Thank God that tough prisoner did not die having never experienced a loving embrace. Mother Teresa said: "We can do not great things; only small things with great love." Just this is teshuva, is returning to our Source. God's Spirit gives us new life for one purpose: To share it. Let' share the Pentecost spirit. Let's hug someone like Rabbi Shlomo. Let's love our neighbors like our mothers love us. Let's acknowledge we will take a ride in a coffin one day and let that vision propel us to live a new life. Let's preach the gospel like Saint Peter. Let's be the church that was born on the Day of Pentecost.

Sunday, May 04, 2008

Going Through Trouble

Jon Burnham preached this sermon from 2 Corinthians 4:8-9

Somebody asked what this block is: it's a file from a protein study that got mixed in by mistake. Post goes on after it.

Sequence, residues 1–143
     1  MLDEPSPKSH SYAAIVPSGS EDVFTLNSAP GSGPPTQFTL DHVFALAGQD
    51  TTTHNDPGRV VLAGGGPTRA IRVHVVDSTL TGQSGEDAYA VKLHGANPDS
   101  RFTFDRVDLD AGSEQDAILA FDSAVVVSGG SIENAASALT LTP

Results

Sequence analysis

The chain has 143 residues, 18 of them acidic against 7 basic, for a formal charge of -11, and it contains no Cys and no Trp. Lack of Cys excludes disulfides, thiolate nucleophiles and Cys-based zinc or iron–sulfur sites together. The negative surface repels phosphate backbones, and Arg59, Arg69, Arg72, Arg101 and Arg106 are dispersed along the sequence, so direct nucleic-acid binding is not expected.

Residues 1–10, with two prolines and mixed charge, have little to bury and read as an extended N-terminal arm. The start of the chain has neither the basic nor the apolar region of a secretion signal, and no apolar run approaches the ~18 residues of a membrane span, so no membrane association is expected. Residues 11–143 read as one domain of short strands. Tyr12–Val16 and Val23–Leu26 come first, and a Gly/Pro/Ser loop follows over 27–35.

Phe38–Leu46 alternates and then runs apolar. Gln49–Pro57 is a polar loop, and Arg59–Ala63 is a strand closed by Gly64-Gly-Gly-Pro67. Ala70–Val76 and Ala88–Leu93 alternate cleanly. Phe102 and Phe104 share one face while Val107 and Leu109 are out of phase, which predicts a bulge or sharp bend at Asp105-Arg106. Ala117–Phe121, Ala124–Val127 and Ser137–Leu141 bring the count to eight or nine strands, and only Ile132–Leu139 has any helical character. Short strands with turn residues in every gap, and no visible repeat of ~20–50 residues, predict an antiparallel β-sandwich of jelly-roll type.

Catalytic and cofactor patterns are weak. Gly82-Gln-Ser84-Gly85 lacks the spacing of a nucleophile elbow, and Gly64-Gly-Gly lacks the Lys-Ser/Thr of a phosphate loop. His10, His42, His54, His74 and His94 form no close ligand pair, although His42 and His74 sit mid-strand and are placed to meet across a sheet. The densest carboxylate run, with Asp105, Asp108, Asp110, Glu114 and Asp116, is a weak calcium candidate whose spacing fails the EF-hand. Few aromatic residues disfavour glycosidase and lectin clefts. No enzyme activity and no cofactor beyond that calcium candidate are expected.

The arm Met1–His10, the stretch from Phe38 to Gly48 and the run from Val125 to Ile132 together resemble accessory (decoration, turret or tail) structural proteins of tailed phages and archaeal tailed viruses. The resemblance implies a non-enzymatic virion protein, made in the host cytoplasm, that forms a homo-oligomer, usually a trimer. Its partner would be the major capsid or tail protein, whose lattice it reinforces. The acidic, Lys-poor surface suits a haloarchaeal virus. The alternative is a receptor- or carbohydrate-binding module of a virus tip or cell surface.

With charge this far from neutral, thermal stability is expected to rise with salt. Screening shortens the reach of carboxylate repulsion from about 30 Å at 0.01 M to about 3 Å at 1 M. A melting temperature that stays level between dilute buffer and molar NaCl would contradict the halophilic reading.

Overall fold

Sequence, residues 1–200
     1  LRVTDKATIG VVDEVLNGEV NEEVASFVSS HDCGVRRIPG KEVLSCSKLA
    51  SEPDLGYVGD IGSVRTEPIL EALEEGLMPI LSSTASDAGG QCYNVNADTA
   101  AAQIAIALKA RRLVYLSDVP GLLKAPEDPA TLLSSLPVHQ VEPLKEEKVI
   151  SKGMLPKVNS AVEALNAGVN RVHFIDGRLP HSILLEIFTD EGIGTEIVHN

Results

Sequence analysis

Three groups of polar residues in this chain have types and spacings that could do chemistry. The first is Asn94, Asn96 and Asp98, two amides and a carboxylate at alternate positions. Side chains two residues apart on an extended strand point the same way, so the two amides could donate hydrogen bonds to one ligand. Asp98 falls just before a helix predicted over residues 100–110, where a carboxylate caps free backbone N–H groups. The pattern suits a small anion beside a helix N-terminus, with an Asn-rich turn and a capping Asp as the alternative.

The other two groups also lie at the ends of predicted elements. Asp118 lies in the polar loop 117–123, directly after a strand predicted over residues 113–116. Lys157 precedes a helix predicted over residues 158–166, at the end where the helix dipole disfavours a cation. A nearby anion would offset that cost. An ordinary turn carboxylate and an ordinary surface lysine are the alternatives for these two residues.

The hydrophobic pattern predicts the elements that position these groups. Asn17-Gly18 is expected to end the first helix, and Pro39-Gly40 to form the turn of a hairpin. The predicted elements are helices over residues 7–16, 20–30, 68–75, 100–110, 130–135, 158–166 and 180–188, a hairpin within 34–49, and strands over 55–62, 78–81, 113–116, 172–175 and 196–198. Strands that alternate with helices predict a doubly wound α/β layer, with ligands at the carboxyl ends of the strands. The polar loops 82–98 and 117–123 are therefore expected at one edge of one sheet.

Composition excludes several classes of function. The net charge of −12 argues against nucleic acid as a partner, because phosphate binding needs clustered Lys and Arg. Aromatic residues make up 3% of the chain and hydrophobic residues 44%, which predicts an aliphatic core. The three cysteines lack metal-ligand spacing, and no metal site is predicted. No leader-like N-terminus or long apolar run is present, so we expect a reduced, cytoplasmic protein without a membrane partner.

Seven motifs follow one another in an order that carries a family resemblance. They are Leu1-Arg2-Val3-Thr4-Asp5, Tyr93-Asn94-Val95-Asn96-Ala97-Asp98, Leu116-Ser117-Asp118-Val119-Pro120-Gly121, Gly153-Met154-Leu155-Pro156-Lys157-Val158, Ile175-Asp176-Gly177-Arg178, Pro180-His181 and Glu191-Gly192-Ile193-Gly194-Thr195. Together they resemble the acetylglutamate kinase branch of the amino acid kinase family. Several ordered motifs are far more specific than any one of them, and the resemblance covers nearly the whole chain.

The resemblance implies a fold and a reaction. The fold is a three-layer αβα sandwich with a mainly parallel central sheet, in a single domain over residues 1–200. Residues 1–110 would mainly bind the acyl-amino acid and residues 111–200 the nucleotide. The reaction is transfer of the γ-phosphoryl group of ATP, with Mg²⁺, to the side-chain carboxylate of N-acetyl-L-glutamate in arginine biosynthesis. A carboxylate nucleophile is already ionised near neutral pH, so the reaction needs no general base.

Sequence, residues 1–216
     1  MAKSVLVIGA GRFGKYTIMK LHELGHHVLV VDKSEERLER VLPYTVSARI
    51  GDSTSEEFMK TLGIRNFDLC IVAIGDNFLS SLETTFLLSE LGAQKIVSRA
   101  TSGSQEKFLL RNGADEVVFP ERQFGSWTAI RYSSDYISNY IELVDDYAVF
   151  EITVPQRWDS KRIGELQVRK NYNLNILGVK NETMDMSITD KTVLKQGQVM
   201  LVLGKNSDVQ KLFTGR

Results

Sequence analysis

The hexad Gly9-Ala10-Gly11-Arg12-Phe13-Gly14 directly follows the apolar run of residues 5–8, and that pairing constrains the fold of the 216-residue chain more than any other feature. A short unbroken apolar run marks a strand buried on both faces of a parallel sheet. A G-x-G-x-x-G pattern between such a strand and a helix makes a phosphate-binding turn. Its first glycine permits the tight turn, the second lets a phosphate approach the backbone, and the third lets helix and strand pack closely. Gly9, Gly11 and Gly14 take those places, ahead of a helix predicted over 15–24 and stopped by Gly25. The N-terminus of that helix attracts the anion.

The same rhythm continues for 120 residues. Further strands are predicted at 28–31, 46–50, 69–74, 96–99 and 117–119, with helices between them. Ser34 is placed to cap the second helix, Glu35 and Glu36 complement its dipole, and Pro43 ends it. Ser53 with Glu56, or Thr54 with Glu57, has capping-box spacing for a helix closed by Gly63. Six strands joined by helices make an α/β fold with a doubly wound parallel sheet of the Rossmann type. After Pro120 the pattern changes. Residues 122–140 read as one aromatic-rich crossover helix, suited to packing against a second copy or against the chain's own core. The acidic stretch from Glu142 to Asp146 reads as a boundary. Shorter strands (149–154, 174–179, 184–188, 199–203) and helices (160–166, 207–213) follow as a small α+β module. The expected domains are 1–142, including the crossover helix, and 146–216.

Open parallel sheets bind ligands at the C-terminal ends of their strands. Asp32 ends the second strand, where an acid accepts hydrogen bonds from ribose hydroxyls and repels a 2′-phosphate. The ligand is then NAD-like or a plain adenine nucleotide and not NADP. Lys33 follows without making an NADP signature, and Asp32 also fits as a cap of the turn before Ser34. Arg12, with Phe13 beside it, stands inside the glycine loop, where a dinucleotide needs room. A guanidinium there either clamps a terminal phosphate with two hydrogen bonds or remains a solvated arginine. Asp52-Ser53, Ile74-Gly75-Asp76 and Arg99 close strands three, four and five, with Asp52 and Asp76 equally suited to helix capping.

at Bayou Manor Assisted Living on May 4, 2007

A Marine Colonel on his way home from work at the Pentagon comes to a dead halt in traffic and thinks to himself, "Wow, this traffic seems worse than usual, nothing is moving."

He notices a police officer walking back and forth between the lines of cars, so he rolls down his window and asks, "Excuse me, Officer, what seems to be the hold up?"

The officer replies, "The President is just so depressed that Hillary has moved to New York, and may leave him altogether that he just stopped his motorcade in the middle of the Beltway, and he's threatening to douse himself in gasoline and set himself on fire. He says his family absolutely hates him and he doesn't have the $33.5 million he owes his lawyers for that whole Monica and Paula thing. So I'm walking around taking up a collection for him."

"Oh really? How much have you collected so far?

"So far about three hundred gallons, but I've got a lot of folks still siphoning."